Capricon 40 kicked off my “con season” for 2020 on a high note. Time to get the rest of the reservations, plans, and itineraries in place. And time for creating S.W.A.G.
What is S.W.A.G., you may ask? It is Stuff We All Get (also abbreviated SWAG, without the periods, or spelled with lower-case letters). It’s the “freebies,” the samples, the advertising novelties that are handed out to people at conferences, conventions, and similar events. The stuff designed to help people remember our products and services later, after the event is over.
S.W.A.G. makes a presence at every science fiction convention. And lately I’ve been handing out a lot of it.
SF conventions and sales
It’s hard to measure whether freebies actually sell books. I’ve handed out what feels like bushels of bookmarks and barrels of badge-ribbons, often to enthusiastic recipients–so there’s at least the initial impression that’s positive.
Does that sell books? Maybe. I think both convention-going in general and S.W.A.G. in particular is a brand-building effort, more than a retail opportunity. I did notice a small up-tick in my book sales after Capricon (thank you!!), but even if you count in my art show sales, the cons don’t pay for themselves by the end of the weekend.
That’s okay by me, because I go to conventions for a lot of reasons besides selling books and art. Idea-gathering, networking, seeing old friends, finding material to blog about, discovering new artists and writers, and more fill out my list of reasons.
Best of all, for me, are the panel discussions, readings, and chances to interact with fans and readers.
If I’m honest, creating S.W.A.G. is fun. I undoubtedly have too many different badge ribbons, but I’ll keep giving them out (I have lots). Coming up with the slogans to put on them is a creative exercise. My sister discovered that this winter while we were creating S.W.A.G. for her.
I generally like to create three kinds of S.W.A.G.: Postcards, bookmarks, and badge ribbons. Each fulfills a slightly different function.
I have a generic postcard that’s been professionally printed, which I customize for each convention. Every year, each convention schedules me for different things at different times. There’s a place designed on the postcard for a label that’s printed with that convention’s specifics.
My postcards generally list when and where my reading is scheduled, when and where I’ll be signing autographs, and (if I can work out a consignment deal ahead of time) what dealer is carrying my books at that convention.
I hand out postcards everywhere I can, especially in the early part of the convention, because if I can convince interested readers to come to those events and places, I have a better chance to sell them books!
Bookmarks are probably my best overall S.W.A.G. sales tool. And if I do say so myself, my bookmarks are beautiful.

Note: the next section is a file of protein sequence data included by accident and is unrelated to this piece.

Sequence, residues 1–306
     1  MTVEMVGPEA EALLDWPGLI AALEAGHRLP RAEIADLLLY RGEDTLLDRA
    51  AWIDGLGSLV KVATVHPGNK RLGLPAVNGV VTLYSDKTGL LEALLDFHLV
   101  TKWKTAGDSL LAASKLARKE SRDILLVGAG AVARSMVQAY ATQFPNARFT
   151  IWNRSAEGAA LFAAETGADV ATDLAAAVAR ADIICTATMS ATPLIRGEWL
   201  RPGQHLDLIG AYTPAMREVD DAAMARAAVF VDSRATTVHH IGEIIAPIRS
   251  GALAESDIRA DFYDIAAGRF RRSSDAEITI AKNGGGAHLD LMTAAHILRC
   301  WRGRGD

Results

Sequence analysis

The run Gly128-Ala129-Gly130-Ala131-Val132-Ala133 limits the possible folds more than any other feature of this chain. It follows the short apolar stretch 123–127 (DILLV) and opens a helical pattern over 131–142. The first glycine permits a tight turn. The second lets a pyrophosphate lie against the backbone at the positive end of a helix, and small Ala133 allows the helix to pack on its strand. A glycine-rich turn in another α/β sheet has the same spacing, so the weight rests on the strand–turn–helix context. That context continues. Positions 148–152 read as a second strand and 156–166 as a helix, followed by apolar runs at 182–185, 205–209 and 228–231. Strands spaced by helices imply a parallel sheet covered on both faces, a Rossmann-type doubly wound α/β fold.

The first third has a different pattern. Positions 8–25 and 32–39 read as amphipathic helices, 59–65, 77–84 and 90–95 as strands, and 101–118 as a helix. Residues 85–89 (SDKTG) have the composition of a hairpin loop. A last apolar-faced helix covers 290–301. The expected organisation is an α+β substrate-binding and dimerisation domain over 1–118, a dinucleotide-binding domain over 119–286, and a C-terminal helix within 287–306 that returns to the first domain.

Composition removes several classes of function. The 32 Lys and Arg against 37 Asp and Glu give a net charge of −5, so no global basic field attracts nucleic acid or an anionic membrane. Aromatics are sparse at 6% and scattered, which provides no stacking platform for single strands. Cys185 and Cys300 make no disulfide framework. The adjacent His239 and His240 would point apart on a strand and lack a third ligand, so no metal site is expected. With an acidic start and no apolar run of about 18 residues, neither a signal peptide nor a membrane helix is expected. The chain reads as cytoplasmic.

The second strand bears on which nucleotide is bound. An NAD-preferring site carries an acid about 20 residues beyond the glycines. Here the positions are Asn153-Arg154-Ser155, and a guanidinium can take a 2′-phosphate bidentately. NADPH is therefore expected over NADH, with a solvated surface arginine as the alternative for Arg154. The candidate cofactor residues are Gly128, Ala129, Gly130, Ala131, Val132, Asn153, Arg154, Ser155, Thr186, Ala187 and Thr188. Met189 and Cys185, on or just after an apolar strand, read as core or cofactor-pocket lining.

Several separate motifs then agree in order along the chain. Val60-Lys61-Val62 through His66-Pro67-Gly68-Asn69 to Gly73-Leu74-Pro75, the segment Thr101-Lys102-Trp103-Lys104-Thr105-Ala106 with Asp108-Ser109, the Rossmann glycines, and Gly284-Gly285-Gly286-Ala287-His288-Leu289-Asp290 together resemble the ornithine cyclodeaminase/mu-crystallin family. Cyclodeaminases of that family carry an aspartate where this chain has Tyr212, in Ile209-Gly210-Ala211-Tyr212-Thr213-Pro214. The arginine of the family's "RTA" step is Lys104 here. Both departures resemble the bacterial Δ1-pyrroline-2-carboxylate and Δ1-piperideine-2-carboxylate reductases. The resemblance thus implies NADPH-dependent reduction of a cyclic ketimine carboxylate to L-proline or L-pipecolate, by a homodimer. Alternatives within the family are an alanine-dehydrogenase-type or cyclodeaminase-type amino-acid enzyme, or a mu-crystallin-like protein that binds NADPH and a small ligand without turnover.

Yes, I know the vast majority of books I sell are ebooks. But people do still buy the “dead trees” versions, and when you’re reading a physical book you need a bookmark.
For a writer, artist, or other creative professional, a bookmark functions much the same way as a business card, but in a number of ways it’s harder to lose and more practical.
Maybe I’m weird, but I keep a large collection of bookmarks that also are a little memory trove. Some date back decades–but the ones I tend to keep, use, and enjoy the most are ones I especially like to look at.
Bookmarks aren’t just for sf conventions, either. Lately I’ve had a slew of annual checkups, etc. At most of them I’ve found someone who likes science fiction and happily takes my bookmarks. All literate people can use bookmarks. I’m happy to supply them!
As I said above, I undoubtedly give out too many badge ribbons. They’re not exactly cheap, and not all of the designs clearly remind people what book they’re promoting.
But I get a kick out of creating them, and many people get a kick out of wearing them at conventions.
Too many badge ribbons on a badge can be impractical–but people adapt. Pro tip: Duct tape on the back can keep a long string from breaking apart. Come prepared!
Even though they’re impractical, they’re quixotic. The silky texture and varied colors are pretty. They add a touch of whimsy. Many are funny, some are cryptic, and they’re altogether fun.
Seriously! What more excuse do you need?
See you at the convention?
As you see, there are lots of reasons for creating S.W.A.G., and it can be fun to use. If you come to one of the conventions I attend, look for my postcards on the freebie tables and my Art Show display.
Then come to my reading and/or autographing session, where I’ll have ALL the S.W.A.G.!
And if you’re a creative professional, perhaps you should consider creating S.W.A.G. of your own.
The photos of me with my S.W.A.G. offerings and books at my Capricon 40 autographing, and the detail-photo of the S.W.A.G. and books display, are both courtesy of Tyrell E. Gephardt. Please acknowledge him as photographer and provide a link back to this site if you re-post or reuse it. Thanks!
The photo of the “Detectives in the Wild” panel at Capricon 40 was taken by a kind audience member who did not give me his name–but whom I thank anyway! Please feel free to re-post or re-use it, too, but with an acknowledgement and link back to this post, if possible, please!
The cover art for What’s Bred in the Bone is © 2019 by Jody A. Lee.
The cover art for Deep Ellum Pawn is © 2019 by Chaz Kemp.
The images of the badge ribbon designs are previews generated by the P C Nametags Custom Badge Ribbons webpage. Many thanks to all!